Panama City News-Herald from Panama City, Florida on September 16, 1973 · Page 8
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Panama City News-Herald from Panama City, Florida · Page 8

Panama City, Florida
Issue Date:
Sunday, September 16, 1973
Page 8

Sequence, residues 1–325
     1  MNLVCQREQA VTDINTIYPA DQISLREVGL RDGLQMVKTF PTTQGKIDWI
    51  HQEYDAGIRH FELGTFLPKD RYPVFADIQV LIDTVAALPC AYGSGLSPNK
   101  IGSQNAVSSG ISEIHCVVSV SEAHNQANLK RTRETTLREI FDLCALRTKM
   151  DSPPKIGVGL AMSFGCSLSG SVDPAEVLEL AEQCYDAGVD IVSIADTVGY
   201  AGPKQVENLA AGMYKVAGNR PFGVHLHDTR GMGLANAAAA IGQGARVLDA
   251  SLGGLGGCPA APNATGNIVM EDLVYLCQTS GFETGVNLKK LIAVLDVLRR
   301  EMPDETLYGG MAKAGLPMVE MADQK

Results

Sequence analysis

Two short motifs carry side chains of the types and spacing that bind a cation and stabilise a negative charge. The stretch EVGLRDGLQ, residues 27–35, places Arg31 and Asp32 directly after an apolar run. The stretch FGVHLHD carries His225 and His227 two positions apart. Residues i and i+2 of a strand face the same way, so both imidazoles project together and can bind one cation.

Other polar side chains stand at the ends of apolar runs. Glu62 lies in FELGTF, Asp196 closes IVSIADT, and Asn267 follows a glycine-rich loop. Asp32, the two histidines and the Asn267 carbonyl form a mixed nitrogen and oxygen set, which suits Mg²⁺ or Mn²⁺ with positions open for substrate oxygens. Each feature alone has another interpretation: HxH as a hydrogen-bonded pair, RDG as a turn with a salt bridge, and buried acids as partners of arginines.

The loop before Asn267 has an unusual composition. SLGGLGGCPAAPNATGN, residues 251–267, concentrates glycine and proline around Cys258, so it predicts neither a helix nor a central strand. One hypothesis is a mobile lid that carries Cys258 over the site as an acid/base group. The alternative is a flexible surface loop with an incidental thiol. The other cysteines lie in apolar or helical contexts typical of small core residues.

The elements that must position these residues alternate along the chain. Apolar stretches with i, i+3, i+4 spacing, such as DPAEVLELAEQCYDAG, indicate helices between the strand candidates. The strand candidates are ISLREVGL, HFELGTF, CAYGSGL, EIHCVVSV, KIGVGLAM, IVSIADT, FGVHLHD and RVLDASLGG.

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< ;t HA NK\\S-llb;KAl.n. ranaiiM i .i>. i !:> . Scplcniln-r I'.HS Chinatown Warfare Disturbing SAN FRANCISCO (UPI) The li)7()'.s have brought somo- thiiif^ new to San Francisco's historic old Chinatown—murderous gtmg warfare reniinis- icnt of the Al Capone era in Cliicago. [:iut the prize sought is not control of illicit booze, or drugs, or|)rostituion. It is, instead, a war of rivalry among jobless young Chinese, many recent immigrants from Hong Kong, for power and prestige within their own tattered ranks in tlie world's liiggest Chinese community (lUtside Asia. Fifteen victims have fallen since 1970, slain in the streets in bioad daylight or hogtied and sliangled in remote spots. At least one was an innocent bystander. Vengeance, intense group loyalties and a sense of "lighteousness" are endemic to (he loosely organized groups, ndiig "Gutsy" "Some have chosen the (Chinese) names for 'Loyalty' ;)!• 'Righteousness'—they are Irving to reinforce themselves in a bad situation," one Jhinatown observer said. "They believe in fearlessness, in being 'gutsy.' There's a lot of appeal in f'hinatown for this. There have been at least 50 (Chinese 'anguage) movies on the same i hemes: revenge, loyalty, lighteousness. I think this has a lotto do with it." But except for the periodic outbursts of violence among mostly youthful gang members, Chinatown retains its placid and colorful—if perhaps misleading—exterior. "You've got to understand this," Homicide Inspector John McKenna .said. "People think there's a big breakdown of law and order in Chinatown l)nt it's not true. FOxcept for the gang killings the crime rate is minimal, very low compared to the city overall." The shootings have recalled the Chinatown Tong wars of more than two generations ago, when rival groups battled with hatchets and knives ovei' control of slavery of young women and gambling. Since that era, peace has been kept under the leadership of the Chinese Six Companies, an association of community elders. Gold Rush More than a century ago, the glitter of the California gold rush lured the first adventurous Chinese from their homes on the South China Coast. But they sensed the westerner's hostility to minorities and a strange language, banding together here for their mutual protection and intei'est. And they bi'ought with them an ancient tradition: the honor of the group is more important than the rights of the individual. The tradition generally has kept Chinatown one of the most law-abiding communities in the United States. But part of the recent problem, according to elders, is that young persons are not "humble" enough, unwilling to accept the status quo while quietly working toward betterment. Many Chinese describe Chinatown as a ghetto, overcrowded and rife with poverty. With liberalizing in recent years of immigration laws that allowed Chinese families to join fathers who had THE FBI NEWSEASON!® Spine-tingling episodes of frue to life dramas witt^ the world's most resourceful crime fighiters' Slorring Efrem Zimbalist, Jr, Shelly Novack and Philip Abbott. 6:30 THE DETECTIVE ABC SUNDAY NIGHT MOVIE A WORLD TELEVISION PREMIERE!® I tes a proud cop., .until he pir IS o murder rap on ibe y/rong rnon. Storring Fronk 'jiriofra and Lee Perriick GREAT MYSTERIES Host Orson Welles 9:30 ® T0^S^GHTWJHG-Ty7 traveled here, new pressures were created in Chinatown. "It all began in the late "GO's when a lot of young men came here from Hong Kong. They banded together, primarily because of language bari'iers and lack of affiliation with the established family organizations," McKenna said. Quiet At First "They were quiet at first, but they began falling out among themselves. There was-a lot of jealousy and power struggles, switches in allegiance and fights for leadership. "During the time they were surging into power, they were extorting and robbing Chinatown merchants, eating in restaurants and refusing to pay, refusing to buy tickets at theaters, trying to run gambling. "The jealousies have been tremendous, and the urge for retaliation has been tremendous. If the member of one group dies, then the group has to have revenge. It's sort of snowballed. "These people have tried to control certain areas of Chinatown, the theaters, the smaller shops and restaurants. They wanted things for free, and they offered protection." E.xotic Face The 17 -bkK 'k downtown ai-ea known as Chinatown shows an exotic face to the thousands of tourists who stroll and shop on narrow Grant Avenue, Chinatown's main street, but quite another to its residents. Overcrowding is nearly intolerable. One study showed a population equivalent to 98,000 persons per square mile, compared to 16,000 for the rest of the city. Average education of Chinatown residents is about two years American schooling, compared to 12 for the rest of the city. With the highest youth density in the city, Chinatown has l-20th of the recreation space it needs. Many families live in rooming houses built a half century ago that were occupied by a single man hoping to earn his fortune and return to China. Now whole families often live in two rooms and share toilet and kitchen facilities with others. Many live in commercial areas, above shops and theaters. Some Chinatown residents feel the gang problem is the direct result of crushing social conditions, exacerbated by the arrival of newcomers unable to make a go of it in their new surroundings. "Chinatown is no, different than Hunter's Point," said one young Chinese, referring to one of the city's large black neighborhoods. "The social conditions are the same in Chinatown—with the added burden of a language barrier. "Look, all I want for people to see is what's causing them. Just look at history. Why is there such a large concentration of Chinese in one place?" Racial prejudice is the implied answer. "I'm upset because people say it's all our fault, that the Chinese kids used to be so good. But there's a reason for it. Both the white and Chinese people need to be educated. There is a lot of exploitation within our own community because Chinese have trouble moving out of the community. And there's a bad employment problem. "Look, these newcomers are like human refugees. Some are doctors and nurses or experienced construction men, but they have to be retrained for America, like the Cuban refugees were retrained. No Jobs "But if a trained worker tries to get into construction, he's told he's 'too small.' The Holiday Inn in Chinatown was not built by Chinese construction workers. And the kids, whore do they find jobs?" Although Chinese children are high achievers in schools here, they have scarcely better luck than blacks in the job market. "My parents say don't rock the boat, work hard and make it, that my life will bo bettor than theirs, and my kids' lives will, too," the young Chinese said, "but when the kids finally get up there, I 'oady to go, they can't get a job. They'i'e told, 'no openings," "These kids in the gangs, Check insurance before car travel NEW YORK (UPI) - As any one of the 118 million licensed drivers in the United States who ever bucked holiday, weekend or daily rush traffic knows, the family automobile is still the most popular means of transportation for Americans. A recent survey, in fact, reported that 87 per cent of all intercity travel is done by car. So it should come as no surprise that an estimated 40 million autos are expected to carry 114 million Americans on vacation, holiday and outdoor recreation trips this year —barring fuel shortages. But what is surprising is that the Department of Transportation reported recently that only 22 per cent of the car-owning families carried enough liability insurance to cover them anywhere in the United States while another 27 per cent had enough to cover them both in the United States and Canada. That leaves a startling 51 per cent who could find themselvr.s in trouble in case of an jcident while driving outsi their home state. Come from a state with lower liability minimums, get into an accident in a state with higher requirements and there could be problems, such as posting a bond or even having the driver license lifted. The U.S. Naval Academy was founded at Annapolis, Md., Oct. 10, 1845. theii' father may be a w/iitor and their mother sowing for 50 cents an hour in a sweatshop and bringing llie little kids with tlicm because they can't afford a babysitter. "The older kids go to school but they have no background in English. They go into an American history class and they can't understand any of it. The teacher reacts to them as if they're ignorant or stupid. "So they go out to the streets, they gotta have bread. They want clothes and the other things important to teen-agers. They've got no money. They start i-ippingoff." WORLD ALMANAC FACTS The first parking meters for automobiles were inr stalled in the business district of Oklahoma City, Okla., on July 16, 1935, The World Almanac recalls. The machines were devised by Carlton C. Magee and took nickels through a slot in the top of the meter. While most birds take water into their beaks and throw their heads back to swallow, the pigeon family drinks by suction. IT1AKES MORE THAN MONEY TO BE A HNANCIAL SUCCESS. THAT'S WHY WE CREATED OUR NEW FISCAL fllN£» PROGRAM. These days just earning a good living or getting a raise won't solve your money problems. It's how well you manage your money that counts. That's what our new Fiscal Fitness™ Program is all about—getting the most out of your money. And here's what we have to help you. Personal Money Management™ Booklets. A series of booklets which give down-to-earth answers to the money management questions you've always had. Like: How to Cut your Cost of Living. How to Reduce your Food Bill. How to Buy a Car. How to Save Money. How to Manage Your Money. How to Build Financial Security. And many more. These booklets were written with you in mind. They're filled with the kind of information you need most today. Because today's money problems are real. The 1-Hate-to-Dudgel Book. It's like no other budget book you've ever tried because it's ba.sed on the simple fact iifii igmaMMittill ^iin^ 1 1 K that nobody likes to be a bookkeeper. But everybody likes to get the most out of his income. That's what this book helps you do. Simply. Effectively. In just a few minutes each month. What does this program cost you? Absolutely nothing. Why are we offering it? Because money is probably the one thing you worry about the most. And we think money should be less of a problem and more of a solution. Our Fiscal Fitness™ Program won't show you how to make more money. But it can show you how to be more successful with the money you make. BAY NATIONAL BANK L TRUST CO. CORNER JENKS AVE. AND W. 5TH ST. Jfll3rt]SlATI0KALBANK Mambtri F.D.I.C. 2711 W. FIFTEENTH STREET PoMme C^. FW.